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Muzamil Manzoor and Vakeel Ahmad

What sparked the controversy across the world was the incident that happened on October 16, in which an 18-year-old Chechen refugee beheaded a school history teacher namely Samuel Paty in France, days after he had shown caricatures of Prophet Muhammad (peace be upon him) to his students. The same caricatures had inspired the 2015 deadly attack on Charlie Hebdo’s headquarters in which 12 persons were killed.

President Macron’s controversial statements

Days before history teacher’s killing, French President Emmanuel Macron had supported the caricatures drawn by Paty by calling the attempt as ‘freedom of expression’ and ‘right of blasphemy’. He had made a controversial speech in which he out rightly declared “Islam, a religion that is in crises all over the world today. “We will continue: we will defend the freedom of expression, not give up cartoons, drawings, even if others back down,” he had said. He spoke about ‘Islamist separatism’ and called ‘Muslim society’ a parallel order whose final goal is to take control over France, its culture, traditional values and secularism. He had said that his government is also planning to introduce a bill to combat ‘Islamist separatism’. He further said that ‘Islamists’ have created a ‘parallel culture’ in France that rejects French values, culture and laws. As Muslim positions in France are hardening, he termed ‘Islam’ a religion influenced by radical temptations that aims to the destruction of the ‘other’.

How the world reacted

Soon after the controversial statement, there were mass condemnations especially from the Muslim world where Turkey led the charge, with President Erdogan saying “Macron needs a mental health check” and accused him of running an anti-Islam agenda.

It is pertinent to mention here that Turkey has long standing rows with France and Macron over gas reserves of Cyprus, over Nagarno Karabakh and over the wars in Libya and Syria. Speaking of which, Erdogan exploited the opportunity for his political gains and tried to prove himself a savior and mass leader of Muslims.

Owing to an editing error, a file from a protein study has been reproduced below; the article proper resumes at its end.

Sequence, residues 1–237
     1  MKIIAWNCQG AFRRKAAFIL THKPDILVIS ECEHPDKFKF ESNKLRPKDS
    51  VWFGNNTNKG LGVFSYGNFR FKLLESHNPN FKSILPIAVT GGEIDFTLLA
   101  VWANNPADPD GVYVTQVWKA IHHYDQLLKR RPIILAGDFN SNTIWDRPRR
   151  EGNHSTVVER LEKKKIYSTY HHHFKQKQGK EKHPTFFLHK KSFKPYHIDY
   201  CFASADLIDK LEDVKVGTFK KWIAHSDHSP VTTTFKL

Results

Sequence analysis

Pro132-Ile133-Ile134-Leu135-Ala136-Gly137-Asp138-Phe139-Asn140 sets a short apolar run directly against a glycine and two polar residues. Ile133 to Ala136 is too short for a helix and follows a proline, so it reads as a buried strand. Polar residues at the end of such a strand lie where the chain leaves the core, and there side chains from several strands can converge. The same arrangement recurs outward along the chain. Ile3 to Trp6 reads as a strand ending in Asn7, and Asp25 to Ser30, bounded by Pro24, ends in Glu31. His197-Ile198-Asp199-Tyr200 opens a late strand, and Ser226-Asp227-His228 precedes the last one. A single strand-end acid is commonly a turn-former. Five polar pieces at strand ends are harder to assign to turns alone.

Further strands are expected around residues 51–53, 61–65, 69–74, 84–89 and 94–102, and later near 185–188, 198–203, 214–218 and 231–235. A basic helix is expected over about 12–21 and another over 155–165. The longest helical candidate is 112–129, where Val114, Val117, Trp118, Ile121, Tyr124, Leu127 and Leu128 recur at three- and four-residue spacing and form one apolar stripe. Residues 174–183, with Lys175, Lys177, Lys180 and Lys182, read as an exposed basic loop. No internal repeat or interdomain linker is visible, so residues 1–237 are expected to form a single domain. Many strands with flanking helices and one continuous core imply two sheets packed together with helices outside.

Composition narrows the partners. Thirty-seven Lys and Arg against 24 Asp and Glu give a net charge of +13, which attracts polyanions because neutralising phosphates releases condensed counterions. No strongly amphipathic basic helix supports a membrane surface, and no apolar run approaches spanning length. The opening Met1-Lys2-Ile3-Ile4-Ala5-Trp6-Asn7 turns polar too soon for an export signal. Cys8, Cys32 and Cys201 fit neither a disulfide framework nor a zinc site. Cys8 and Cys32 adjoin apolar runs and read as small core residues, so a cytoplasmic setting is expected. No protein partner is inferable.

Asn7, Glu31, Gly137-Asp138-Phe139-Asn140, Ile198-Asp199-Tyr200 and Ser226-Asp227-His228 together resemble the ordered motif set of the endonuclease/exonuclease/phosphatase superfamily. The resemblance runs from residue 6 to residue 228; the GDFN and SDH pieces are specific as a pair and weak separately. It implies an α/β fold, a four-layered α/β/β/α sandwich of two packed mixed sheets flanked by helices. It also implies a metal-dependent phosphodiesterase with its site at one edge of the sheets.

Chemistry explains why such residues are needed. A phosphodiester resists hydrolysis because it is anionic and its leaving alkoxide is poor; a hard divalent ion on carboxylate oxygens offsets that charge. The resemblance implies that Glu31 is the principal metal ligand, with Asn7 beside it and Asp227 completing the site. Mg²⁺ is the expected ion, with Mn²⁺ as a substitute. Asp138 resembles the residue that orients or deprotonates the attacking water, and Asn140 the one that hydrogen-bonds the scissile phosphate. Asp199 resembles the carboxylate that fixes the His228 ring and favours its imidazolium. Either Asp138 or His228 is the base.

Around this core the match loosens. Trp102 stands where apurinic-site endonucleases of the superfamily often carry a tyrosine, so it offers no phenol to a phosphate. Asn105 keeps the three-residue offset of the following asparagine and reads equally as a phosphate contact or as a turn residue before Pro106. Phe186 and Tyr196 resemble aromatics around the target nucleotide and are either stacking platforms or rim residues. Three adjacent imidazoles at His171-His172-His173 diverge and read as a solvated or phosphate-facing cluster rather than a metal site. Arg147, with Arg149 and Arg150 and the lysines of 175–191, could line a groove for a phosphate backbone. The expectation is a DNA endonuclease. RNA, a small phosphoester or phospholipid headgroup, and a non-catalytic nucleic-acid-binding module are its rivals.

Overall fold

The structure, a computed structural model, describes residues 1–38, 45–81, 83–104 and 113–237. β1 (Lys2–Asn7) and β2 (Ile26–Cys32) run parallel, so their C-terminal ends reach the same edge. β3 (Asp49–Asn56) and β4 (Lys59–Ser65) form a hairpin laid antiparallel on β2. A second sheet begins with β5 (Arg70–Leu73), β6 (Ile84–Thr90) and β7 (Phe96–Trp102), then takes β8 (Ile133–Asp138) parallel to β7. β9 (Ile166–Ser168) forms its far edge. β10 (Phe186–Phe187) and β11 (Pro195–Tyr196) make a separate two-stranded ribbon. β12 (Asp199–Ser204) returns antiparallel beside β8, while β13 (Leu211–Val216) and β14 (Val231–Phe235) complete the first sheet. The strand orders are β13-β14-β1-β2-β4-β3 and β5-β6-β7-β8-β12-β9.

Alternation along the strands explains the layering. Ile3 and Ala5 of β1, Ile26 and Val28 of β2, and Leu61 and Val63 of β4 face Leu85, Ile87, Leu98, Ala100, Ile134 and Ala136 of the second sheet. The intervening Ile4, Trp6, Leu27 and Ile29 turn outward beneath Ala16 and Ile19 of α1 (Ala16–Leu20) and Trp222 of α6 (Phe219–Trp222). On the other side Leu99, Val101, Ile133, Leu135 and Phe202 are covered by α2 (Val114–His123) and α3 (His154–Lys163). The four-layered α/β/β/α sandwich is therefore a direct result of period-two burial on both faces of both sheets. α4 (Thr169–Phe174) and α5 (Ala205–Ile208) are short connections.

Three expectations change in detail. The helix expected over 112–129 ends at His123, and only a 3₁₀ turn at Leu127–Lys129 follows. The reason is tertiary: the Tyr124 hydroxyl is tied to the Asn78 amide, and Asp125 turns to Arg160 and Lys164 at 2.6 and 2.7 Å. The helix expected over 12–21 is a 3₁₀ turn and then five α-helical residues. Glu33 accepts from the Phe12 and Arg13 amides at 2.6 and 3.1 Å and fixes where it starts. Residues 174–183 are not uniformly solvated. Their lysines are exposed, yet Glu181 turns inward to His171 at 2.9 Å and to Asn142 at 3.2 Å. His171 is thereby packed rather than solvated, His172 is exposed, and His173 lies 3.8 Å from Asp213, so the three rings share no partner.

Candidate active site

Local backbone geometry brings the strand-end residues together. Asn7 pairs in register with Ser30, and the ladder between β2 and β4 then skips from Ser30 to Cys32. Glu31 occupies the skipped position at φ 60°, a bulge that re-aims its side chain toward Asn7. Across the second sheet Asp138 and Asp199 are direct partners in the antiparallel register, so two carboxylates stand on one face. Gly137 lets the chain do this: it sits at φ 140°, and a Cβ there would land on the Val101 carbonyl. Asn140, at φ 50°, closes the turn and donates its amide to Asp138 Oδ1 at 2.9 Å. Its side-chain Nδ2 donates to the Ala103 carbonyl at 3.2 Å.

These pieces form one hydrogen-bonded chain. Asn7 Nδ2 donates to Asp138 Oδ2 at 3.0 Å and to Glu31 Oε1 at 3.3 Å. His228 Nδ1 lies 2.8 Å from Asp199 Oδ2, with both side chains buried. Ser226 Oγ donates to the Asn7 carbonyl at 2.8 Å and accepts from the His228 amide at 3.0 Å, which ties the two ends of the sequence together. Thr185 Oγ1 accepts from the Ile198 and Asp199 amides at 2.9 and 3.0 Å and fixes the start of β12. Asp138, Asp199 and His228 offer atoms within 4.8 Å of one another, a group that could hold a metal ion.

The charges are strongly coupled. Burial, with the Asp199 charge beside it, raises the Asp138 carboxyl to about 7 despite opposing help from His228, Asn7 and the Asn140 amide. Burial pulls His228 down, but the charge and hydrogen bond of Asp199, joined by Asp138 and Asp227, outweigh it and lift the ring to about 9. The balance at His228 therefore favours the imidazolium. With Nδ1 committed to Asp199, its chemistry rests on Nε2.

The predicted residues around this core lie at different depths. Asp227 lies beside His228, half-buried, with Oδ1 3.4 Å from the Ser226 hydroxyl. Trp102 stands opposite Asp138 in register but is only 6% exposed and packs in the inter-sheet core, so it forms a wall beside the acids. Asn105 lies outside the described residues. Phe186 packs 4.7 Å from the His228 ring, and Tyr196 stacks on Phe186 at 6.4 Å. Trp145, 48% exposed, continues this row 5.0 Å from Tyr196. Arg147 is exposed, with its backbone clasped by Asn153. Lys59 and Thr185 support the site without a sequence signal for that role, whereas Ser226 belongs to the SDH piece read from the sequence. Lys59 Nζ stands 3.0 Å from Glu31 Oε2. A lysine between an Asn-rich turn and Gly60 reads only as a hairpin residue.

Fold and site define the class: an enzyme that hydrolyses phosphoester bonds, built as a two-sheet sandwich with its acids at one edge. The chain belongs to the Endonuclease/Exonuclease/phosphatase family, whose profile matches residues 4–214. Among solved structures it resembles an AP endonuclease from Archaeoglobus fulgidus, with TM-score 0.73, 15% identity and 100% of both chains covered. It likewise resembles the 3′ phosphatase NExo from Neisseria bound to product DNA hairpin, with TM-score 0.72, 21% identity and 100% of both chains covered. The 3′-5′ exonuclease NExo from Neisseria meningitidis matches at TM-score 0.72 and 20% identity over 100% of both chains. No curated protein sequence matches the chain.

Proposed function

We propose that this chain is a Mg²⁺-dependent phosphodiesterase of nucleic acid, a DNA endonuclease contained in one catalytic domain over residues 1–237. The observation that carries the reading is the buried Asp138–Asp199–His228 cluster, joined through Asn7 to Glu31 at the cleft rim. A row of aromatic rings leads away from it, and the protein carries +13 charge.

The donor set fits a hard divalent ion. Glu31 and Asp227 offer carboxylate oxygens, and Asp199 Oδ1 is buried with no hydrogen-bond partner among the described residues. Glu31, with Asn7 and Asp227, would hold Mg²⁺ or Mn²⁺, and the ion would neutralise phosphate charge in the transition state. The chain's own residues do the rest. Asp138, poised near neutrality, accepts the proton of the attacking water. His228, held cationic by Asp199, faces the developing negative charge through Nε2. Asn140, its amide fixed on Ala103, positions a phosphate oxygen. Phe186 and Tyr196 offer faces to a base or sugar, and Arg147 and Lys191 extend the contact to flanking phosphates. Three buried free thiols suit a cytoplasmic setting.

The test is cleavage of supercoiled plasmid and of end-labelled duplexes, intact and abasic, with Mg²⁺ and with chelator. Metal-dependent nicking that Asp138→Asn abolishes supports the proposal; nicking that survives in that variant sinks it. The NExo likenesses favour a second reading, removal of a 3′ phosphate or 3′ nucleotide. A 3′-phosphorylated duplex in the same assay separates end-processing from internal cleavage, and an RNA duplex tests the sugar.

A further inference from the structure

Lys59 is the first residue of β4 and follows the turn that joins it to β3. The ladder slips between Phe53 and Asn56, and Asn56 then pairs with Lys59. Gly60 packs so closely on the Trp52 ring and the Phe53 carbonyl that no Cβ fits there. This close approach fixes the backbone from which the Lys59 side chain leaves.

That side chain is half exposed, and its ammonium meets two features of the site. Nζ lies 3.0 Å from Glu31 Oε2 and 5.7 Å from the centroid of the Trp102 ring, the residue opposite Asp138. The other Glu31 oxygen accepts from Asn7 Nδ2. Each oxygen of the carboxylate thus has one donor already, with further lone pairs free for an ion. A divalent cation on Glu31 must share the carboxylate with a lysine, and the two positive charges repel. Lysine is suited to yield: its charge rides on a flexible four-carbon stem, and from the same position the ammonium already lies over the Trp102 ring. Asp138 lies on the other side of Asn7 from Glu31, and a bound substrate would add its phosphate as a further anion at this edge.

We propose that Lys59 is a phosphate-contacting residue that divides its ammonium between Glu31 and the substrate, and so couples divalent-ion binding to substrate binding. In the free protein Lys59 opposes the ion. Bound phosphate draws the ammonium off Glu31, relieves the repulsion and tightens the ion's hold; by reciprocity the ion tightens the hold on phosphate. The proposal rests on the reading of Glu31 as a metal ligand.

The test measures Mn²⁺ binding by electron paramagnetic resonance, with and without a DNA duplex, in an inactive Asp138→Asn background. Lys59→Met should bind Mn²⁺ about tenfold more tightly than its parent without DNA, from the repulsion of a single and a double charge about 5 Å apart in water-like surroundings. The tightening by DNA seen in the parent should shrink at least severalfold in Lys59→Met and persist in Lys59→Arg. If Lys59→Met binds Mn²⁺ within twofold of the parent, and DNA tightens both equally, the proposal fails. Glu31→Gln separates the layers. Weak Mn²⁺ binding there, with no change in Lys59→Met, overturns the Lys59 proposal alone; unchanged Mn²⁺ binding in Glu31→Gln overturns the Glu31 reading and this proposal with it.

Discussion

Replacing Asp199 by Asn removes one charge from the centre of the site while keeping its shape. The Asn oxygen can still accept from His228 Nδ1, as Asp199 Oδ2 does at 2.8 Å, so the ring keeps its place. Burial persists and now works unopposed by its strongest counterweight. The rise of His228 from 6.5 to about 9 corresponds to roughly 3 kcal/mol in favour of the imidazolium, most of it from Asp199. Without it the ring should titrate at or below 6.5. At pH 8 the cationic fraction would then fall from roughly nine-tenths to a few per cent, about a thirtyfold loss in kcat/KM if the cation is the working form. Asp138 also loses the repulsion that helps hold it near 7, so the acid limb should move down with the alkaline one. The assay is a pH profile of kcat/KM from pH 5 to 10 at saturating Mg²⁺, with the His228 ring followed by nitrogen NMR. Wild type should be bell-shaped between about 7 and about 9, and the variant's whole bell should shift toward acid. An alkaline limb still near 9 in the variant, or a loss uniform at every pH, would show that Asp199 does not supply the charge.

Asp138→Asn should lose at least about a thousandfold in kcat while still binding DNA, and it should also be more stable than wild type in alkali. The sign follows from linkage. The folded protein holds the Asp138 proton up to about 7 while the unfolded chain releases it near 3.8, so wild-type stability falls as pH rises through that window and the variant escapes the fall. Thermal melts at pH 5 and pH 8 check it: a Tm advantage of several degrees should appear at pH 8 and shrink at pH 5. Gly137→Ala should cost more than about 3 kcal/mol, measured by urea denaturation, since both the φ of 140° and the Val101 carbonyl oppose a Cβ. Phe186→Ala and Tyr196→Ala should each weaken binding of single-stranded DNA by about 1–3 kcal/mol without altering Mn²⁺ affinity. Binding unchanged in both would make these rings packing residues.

Former Malaysian Prime Minister Mahathir Mohammad made a knee-jerk reaction as he tweeted: “Muslims have a right to be angry and to kill millions of French people for the massacres of the past.” He has a history in making such irresponsible and provocative statements just to seek attention of the world, especially the Muslims.

The nations which condemned the controversial statement, as well as, caricatures included Saudi-Arabia, Jordan, Kuwait, Qatar, Iraq, Iran, Syria, Libya, Palestine, Bangladesh, Pakistan, Egypt and Afghanistan. Protests were held, effigies of Macron were burned and French goods were removed from the markets.

Interestingly, many nations came out in support of France and India became the first non-western country to support the French President in his fight against “Islamic terrorism”. European leaders also maintained a pro-Macron stance and criticized the “personal attack” on him, particularly from Turkey. In Germany, Chancellor Angela Markel’s spokesman Steffen Seibert said “These are defamatory comments that are completely unacceptable, particularly against the backdrop of the horrific murder of the French teacher Samuel Paty by an Islamist fanatic.” The Prime Ministers of Italy, Netherlands and Greece also expressed their support for the France. The Dutch Prime Minister Mark Rutte tweeted “President Erdogan’s words are unacceptable” and Netherlands stood “for the freedom of speech and against extremism and radicalization”. European Union foreign policy chief Josep Borrel said that Erdogan’s comments were unacceptable and urged Turkey to stop this dangerous spiral of confrontation and further provocations.

Canadian Prime Minister Justin Trudeau defended the ‘freedom of speech’ but added that it should be ‘not without limits’ and should not ‘arbitrarily’ and ‘needlessly hurt’ certain communities.  Russian Kremlin spokesman Dmitry Peskov ruled out the possibility of publication of an offensive caricature on Islam in Russia, he said that publications similar to Charlie Hebdo in France are absolutely impossible in Russia.

While the incident has divided most of the countries into two blocks, one block supporting and other condemning, The United Nation’s anti-extremism body has expressed deep concern over growing tensions over satirical cartoons of the Prophet Muhammad (peace be upon him), Migual Angel Moratinos- who heads the UN Alliance of Civilizations said in a statement, “Insulting religious and sacred religious symbols provokes hatred and violent extremism leading to polarization and fragmentation of the society”.

Consequences of the event

France has a long and complex relationship with Islam and its 5 million citizens. Islam has become a political tool for the leaders of the world in general and France in particular. This can be understand by analyzing a statement of Macron day before Paty’s killing, when he made a special address to his nation in which he insisted that ‘Islam is in crises all over the world and he is going to liberate it from foreign influence’.